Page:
Words have a certain staying power. Most of them are in one ear and out the other, but every once in a while words seriously hit home and have a lasting impact. Today the Church celebrates St. Anthony of Egypt, the “Father of Monks.” As a young man, he walked into a church one day and heard the words of Jesus proclaimed in the Gospel, “If you would be perfect, go, sell what you possess and give to the poor, and you will have treasure in heaven; and come, follow me” (Mt 19:21). While he had probably heard these words many times before, something was different that time. He left the church with a firm conviction to do exactly what Jesus said. He sold all his possessions and became a hermit in the Egyptian desert.
While Christians relish the response of St. Anthony and the holiness of his life, we are not all called to respond in the same way to those words. Still, by the grace of God, the truth, even a truth we may be quite familiar with, has a way of giving us a much needed slap upside the head.
I can still remember a particular phrase that hit home for me. After a year of graduate school, I was down in some pretty serious dumps through a particularly paradoxical combination of overwork and laziness (with an added dose of emotional baggage). Nothing seemed to be going right. Just getting up in the morning seemed to be a monumental task. I was in a rut of bad habits and I needed help getting out. When I was finally fed up with simply trying to slog my way through the day, I did what I should have done weeks before and called a good friend of mine, a priest, back home. Having put up with my initial round of whining, he cut me off before I had a chance to really get going. He asked me bluntly, “Are you praying?” I attempted to dodge the seriousness of the question and responded by simply saying that I was not praying enough. I was still making it to Mass on Sundays, and even an occasional daily Mass, but I had little to no prayer life outside of that.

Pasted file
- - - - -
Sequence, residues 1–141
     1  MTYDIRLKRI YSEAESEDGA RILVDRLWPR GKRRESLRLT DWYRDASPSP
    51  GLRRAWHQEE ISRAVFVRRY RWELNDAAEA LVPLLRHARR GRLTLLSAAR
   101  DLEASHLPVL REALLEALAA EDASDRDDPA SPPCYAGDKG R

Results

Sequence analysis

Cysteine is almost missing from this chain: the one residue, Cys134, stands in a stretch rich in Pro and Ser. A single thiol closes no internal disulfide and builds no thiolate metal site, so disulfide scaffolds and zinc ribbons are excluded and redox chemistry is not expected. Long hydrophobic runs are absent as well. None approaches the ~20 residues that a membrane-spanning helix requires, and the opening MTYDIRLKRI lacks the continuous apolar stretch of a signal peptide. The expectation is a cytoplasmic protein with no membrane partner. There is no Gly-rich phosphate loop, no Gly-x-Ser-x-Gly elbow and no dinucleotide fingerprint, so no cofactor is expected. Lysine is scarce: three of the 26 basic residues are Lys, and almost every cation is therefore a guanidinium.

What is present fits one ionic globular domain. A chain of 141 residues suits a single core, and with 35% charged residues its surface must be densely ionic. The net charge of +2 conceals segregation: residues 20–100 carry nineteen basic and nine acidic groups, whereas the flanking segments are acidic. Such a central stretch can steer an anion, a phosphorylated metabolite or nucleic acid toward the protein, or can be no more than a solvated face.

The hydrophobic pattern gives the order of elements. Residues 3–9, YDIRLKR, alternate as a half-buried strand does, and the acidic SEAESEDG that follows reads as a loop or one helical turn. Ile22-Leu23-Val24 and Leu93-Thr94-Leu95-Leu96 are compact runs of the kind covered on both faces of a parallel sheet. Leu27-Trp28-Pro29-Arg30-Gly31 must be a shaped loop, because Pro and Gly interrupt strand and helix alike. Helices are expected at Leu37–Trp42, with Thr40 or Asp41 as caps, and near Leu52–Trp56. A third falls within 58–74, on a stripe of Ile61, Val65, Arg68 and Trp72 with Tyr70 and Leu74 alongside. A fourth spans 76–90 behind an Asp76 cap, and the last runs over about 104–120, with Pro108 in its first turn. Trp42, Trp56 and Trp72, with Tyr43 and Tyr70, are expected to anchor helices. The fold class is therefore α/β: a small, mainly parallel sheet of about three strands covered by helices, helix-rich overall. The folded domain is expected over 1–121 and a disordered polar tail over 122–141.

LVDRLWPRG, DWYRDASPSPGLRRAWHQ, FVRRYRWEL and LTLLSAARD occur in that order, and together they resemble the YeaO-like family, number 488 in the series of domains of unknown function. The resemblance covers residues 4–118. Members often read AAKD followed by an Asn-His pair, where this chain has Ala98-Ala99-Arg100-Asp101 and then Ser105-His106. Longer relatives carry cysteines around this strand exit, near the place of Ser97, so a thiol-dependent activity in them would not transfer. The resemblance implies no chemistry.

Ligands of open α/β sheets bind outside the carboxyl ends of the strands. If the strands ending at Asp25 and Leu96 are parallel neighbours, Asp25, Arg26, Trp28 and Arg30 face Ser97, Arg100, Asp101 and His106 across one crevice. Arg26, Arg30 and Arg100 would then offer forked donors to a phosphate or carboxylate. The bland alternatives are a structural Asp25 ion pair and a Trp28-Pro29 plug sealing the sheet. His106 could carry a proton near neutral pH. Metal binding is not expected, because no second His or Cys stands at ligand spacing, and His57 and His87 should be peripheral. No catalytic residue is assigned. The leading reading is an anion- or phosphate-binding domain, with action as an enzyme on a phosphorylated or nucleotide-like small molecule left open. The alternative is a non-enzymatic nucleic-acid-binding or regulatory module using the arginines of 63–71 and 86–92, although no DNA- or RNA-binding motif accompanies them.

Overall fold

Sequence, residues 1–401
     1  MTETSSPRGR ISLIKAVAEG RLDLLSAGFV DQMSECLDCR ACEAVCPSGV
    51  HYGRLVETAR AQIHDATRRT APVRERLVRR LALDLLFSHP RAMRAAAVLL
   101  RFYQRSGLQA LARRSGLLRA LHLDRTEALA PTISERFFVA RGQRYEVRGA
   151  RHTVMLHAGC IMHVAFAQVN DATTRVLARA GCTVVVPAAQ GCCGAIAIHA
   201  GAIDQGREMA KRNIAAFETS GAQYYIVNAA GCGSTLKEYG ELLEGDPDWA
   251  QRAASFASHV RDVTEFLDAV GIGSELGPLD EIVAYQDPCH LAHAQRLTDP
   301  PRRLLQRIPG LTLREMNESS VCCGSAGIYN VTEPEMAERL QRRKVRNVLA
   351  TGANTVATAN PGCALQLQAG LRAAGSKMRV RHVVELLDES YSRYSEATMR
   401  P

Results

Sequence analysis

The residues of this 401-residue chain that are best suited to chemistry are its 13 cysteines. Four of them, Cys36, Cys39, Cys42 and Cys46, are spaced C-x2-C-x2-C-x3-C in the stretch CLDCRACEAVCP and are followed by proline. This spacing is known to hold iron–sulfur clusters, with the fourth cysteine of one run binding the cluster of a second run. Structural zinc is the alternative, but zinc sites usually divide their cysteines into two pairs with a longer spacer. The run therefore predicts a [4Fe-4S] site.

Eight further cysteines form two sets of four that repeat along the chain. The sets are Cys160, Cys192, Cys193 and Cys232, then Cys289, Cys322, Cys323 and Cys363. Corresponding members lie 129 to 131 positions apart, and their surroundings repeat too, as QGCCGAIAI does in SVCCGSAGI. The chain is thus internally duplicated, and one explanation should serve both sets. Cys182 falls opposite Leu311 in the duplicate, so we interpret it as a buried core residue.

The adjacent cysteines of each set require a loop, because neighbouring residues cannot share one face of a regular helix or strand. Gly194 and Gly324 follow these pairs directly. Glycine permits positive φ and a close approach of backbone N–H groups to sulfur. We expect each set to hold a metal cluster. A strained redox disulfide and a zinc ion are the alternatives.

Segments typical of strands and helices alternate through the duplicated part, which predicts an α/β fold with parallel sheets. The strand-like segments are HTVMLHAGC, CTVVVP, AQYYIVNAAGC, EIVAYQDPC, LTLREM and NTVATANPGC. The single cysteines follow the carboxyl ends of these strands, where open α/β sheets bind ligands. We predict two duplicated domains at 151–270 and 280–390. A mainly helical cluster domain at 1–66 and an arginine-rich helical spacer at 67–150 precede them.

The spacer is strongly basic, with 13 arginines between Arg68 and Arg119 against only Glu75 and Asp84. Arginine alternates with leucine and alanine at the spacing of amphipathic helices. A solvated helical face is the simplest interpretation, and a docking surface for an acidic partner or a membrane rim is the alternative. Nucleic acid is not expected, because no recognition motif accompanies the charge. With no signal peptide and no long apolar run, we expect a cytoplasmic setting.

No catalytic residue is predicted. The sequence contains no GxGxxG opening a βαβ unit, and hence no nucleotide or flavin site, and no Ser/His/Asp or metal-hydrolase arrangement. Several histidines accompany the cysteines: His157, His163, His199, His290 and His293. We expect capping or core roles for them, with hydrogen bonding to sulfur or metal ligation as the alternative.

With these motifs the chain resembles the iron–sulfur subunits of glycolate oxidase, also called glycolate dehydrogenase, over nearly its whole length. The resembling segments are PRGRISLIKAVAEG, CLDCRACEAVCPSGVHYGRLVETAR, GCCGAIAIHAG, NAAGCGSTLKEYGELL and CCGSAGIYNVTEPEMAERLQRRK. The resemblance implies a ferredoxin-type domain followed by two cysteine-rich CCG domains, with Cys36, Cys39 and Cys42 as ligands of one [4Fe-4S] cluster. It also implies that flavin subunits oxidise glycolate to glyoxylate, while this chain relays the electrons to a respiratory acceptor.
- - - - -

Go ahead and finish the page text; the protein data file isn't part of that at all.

Then came the line that has stuck with me ever since, “You’ve got to pray every day. Prayer is more important than food.” We kept talking for a while after that. While I forgot all of his other words of wisdom, that phrase about prayer stuck with me.
I would like to tell you that I have not eaten another bite of food since then and that I have been surviving for seven years on Hail Marys and Our Fathers, but of course that did not happen. I did put that line on a sticky note on my desk, and every day whenever I managed to roll myself out of bed, before I’d let myself pour a bowl of cereal, I’d sit down and pray—five minutes at first, then ten, then a bit more. And, you know, it worked. Surprisingly enough, when I stopped trying to take on everything myself and asked God for help, getting up in the morning wasn’t quite so challenging, my work wasn’t quite so daunting, and those ruts I had dug didn’t feel quite so deep.
“Prayer is more important than food.” These words are a bit silly, and my friend doesn’t even remember saying them. Still, these words have stuck with me through the years. When nothing seems to be going right, I know the question to ask is, “Am I praying?”
Whether it’s “I’m too busy” or “I’m too distracted,” whatever excuses I hold up for neglecting prayer are simply that, excuses. That silly phrase is a reminder that the true power behind any word or action lies first and foremost in God.
Image: Charles Burton Barber, Suspense